In the nineteenth century, enterprising toymakers developed a novel way to bring theater into the home.
While children will undoubtedly counter myriad difficulties as they navigate life--and it does them a disservice to pretend otherwise--exposure is a double edged sword.
In the late 1890s, Bertha Corbett set up her own illustration studio in Minneapolis. Her simple drawing of children in sunbonnets became her ticket to success.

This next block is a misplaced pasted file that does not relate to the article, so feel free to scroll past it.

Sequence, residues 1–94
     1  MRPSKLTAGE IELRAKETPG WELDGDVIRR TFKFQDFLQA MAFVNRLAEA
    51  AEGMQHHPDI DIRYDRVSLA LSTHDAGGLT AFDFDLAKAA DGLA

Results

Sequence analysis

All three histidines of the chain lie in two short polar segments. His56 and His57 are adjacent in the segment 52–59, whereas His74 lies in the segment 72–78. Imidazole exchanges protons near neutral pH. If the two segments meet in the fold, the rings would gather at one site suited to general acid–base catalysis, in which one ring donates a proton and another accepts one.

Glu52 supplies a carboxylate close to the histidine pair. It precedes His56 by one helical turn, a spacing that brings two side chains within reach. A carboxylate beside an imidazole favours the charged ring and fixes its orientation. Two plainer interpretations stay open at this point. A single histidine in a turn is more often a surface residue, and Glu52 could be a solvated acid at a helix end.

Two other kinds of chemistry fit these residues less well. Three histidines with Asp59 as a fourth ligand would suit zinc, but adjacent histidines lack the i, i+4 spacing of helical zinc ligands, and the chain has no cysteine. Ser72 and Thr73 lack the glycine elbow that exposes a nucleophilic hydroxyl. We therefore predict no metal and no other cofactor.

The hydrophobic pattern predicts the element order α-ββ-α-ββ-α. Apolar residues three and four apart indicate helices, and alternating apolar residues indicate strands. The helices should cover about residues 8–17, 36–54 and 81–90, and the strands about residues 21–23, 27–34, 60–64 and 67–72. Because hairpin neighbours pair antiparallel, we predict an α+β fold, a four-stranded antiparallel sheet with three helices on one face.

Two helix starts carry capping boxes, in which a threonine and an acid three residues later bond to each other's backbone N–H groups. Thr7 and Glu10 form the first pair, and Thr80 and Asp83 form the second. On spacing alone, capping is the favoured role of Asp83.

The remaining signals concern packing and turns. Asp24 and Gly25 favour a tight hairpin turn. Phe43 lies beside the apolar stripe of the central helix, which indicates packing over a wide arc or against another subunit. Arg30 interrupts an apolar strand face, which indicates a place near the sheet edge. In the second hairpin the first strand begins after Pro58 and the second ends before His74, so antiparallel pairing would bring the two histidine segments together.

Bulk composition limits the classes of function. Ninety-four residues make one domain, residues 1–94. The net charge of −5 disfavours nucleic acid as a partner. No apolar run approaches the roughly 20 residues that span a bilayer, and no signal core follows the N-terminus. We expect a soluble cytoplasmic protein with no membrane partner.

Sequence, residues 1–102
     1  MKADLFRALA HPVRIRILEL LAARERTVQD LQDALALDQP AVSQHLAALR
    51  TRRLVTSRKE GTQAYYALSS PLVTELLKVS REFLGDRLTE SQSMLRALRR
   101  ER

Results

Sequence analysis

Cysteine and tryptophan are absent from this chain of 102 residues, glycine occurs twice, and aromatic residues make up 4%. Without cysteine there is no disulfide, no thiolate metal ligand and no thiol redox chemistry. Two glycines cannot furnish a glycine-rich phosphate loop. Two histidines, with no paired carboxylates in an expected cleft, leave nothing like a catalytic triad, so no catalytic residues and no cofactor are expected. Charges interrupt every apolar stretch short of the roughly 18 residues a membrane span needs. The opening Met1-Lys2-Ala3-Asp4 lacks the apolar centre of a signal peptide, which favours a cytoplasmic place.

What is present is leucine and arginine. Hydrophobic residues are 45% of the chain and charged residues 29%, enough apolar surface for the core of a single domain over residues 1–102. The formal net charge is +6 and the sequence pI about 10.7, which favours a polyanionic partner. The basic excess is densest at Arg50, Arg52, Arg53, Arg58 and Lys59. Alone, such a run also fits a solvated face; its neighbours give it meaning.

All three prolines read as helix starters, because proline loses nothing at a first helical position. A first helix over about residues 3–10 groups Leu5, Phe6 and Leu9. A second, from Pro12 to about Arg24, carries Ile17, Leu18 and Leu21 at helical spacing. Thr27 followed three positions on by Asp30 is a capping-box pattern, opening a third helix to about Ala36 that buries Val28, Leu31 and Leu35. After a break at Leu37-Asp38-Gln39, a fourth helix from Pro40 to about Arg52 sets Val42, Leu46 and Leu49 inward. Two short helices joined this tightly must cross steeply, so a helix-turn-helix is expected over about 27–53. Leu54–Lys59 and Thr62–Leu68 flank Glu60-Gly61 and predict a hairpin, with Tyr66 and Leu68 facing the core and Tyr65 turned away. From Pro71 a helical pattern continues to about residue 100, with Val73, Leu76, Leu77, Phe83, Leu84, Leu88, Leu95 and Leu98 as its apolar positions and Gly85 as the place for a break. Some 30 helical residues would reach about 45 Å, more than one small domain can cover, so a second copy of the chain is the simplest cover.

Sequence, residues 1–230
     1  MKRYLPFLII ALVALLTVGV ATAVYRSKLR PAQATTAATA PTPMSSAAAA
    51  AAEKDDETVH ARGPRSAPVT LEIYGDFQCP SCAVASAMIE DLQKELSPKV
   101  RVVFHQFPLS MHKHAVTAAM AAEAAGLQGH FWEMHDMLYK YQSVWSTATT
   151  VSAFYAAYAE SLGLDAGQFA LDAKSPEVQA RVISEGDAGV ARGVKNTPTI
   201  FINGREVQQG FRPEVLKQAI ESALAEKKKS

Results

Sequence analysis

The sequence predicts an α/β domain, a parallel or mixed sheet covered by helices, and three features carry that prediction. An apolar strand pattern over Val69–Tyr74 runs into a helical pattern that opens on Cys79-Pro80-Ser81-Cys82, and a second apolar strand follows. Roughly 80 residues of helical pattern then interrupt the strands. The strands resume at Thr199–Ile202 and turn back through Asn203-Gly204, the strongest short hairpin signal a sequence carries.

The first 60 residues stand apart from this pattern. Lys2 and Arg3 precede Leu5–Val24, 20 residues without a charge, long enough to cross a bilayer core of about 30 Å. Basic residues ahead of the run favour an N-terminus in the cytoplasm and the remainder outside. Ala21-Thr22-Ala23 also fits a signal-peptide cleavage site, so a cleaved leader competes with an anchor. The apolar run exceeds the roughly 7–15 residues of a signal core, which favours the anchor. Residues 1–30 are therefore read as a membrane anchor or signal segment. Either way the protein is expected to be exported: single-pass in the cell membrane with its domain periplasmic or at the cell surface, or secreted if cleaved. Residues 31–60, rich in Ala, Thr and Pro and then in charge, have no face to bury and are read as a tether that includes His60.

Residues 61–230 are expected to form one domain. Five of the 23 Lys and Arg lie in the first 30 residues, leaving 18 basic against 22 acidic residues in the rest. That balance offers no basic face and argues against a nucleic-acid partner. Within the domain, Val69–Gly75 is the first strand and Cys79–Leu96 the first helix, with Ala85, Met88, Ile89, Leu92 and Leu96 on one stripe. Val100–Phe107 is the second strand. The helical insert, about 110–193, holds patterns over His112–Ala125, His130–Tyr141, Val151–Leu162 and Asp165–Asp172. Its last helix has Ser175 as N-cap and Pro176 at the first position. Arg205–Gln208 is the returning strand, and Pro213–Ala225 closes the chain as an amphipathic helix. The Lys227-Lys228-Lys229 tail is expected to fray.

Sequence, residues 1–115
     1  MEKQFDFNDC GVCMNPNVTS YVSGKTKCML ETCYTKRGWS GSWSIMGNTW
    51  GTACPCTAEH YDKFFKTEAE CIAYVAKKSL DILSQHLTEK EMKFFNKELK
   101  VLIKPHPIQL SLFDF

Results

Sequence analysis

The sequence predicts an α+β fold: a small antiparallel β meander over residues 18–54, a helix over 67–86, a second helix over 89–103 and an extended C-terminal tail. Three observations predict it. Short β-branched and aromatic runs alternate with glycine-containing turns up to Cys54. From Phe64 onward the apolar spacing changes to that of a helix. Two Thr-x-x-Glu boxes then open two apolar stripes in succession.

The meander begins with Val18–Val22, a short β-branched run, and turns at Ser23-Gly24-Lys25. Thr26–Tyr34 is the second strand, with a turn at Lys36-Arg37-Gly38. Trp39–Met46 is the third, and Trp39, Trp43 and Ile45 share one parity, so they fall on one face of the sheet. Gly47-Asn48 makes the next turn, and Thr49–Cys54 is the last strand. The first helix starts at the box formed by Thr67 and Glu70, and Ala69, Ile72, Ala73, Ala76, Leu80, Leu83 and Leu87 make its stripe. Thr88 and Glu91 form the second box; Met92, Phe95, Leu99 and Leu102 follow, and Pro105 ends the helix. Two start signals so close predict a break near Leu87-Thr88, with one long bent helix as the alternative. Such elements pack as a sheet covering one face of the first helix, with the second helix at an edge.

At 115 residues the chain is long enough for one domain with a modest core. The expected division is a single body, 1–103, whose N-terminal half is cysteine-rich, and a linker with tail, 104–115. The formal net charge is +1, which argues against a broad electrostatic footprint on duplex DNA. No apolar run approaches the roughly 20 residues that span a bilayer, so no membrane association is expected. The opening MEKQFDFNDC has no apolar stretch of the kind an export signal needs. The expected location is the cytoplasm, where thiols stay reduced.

Jack Ezra Keats's 1962 book The Snowy Day featured an African-American protagonist, a first for a full-color children’s book.
The film Goodbye, Christopher Robin tells the story of how A.A. Milne's popular children's stories damaged his son, the real-life Christopher Robin.
From the Mixed-Up Files of Mrs. Basil E. Frankweiler imagines the museum as a site of hands-on learning and intimacy with the past.